Why Is Ethics in the Workplace Important?
Most people want to be proud of the company they are working for, and included in this is a belief that the business is ethical. In fact, whether a company acts ethically is a crucial factor in the average American’s willingness to work for an employer. One survey showed that 94% of employees say it is “critical” that the company they work for is ethical.
Ethics is such an important factor that 82% of employees would prefer to be paid less to work for a company with ethical business practices than to be paid more but work for one with questionable methods.
And yet, dominating the headlines these last couple of years are controversies and lapses in behavioral ethics by businesses in various industries.
“We are living in the least trusted times in recent memory,” says Founder and Group CEO of Image Group International, Jon Michail.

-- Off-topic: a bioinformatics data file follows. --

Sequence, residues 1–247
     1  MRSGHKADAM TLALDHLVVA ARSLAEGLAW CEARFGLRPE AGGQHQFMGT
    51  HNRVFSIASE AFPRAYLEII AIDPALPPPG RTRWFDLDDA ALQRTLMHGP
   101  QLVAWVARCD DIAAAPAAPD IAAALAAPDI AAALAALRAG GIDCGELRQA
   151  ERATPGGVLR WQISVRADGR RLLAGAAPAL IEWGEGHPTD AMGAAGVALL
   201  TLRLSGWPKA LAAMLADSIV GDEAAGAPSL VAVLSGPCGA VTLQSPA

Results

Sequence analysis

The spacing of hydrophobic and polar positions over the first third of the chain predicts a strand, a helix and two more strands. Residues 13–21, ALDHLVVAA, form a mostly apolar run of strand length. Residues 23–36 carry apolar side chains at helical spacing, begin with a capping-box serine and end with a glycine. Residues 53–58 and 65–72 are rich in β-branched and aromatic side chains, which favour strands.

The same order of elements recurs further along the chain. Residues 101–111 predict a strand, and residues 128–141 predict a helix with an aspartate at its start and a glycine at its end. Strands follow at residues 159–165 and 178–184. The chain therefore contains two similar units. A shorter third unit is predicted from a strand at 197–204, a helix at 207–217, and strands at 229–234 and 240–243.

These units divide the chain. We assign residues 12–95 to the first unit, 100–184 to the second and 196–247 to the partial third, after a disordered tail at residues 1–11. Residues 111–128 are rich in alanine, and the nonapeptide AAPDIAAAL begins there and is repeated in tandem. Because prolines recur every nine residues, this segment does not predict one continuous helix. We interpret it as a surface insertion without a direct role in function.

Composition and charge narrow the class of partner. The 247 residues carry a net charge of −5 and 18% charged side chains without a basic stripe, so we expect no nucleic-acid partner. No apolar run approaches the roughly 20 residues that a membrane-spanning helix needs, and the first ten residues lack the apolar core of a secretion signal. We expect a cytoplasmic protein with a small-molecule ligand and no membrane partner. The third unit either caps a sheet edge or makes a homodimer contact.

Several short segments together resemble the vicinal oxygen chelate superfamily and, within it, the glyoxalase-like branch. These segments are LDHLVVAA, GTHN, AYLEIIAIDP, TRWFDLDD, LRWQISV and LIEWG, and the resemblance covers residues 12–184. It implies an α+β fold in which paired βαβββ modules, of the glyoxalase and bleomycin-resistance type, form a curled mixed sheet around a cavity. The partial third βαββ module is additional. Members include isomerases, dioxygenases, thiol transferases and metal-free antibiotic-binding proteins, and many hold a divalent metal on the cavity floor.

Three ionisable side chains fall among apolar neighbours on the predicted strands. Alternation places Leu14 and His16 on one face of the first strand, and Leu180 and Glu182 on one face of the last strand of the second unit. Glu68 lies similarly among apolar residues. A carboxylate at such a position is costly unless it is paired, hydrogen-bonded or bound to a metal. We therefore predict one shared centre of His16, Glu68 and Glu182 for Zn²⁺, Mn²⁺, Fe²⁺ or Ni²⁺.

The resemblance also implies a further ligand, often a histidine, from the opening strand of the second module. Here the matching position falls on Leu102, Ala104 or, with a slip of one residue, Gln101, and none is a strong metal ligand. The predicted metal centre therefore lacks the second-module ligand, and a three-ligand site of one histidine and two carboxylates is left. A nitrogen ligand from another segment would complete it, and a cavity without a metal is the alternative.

An increase in skepticism combined with anxiety driven by economic instability means that today businesses are operating in an environment where behavior that is perceived as unethical can generate a storm of public criticism.
Michail notes, “Trust has gone down dramatically (online and offline) and how you re-calibrate this trend to a positive is by bringing in solid ethical criteria that are reinforced by workplace behaviors that are strictly adhered to.
You can’t be half pregnant on ethics – you need solid ethical procedures to empower the workplace for the common good. A great ethical plan will create a win-win for all stakeholders.”
So, why are ethics important in the workplace?
Because the message is loud and clear: The world is changing, and with these new shifting expectations, there is no room for excuses for unethical behavior. As a result, corporate social responsibility policies and ESG frameworks have gained traction in the corporate world as organizations commit to sustainable and inclusive growth.
Ethical Behavior in the Workplace
Last year’s “Ethics at Work” study by the Institute of Business Ethics showed that, on average, 20% of employees were aware of unethical or illegal misconduct at work. While most of those incidents are not major, ethical negligence tends to snowball. Once other employees see no repercussions to misconduct, they may also start acting unethically.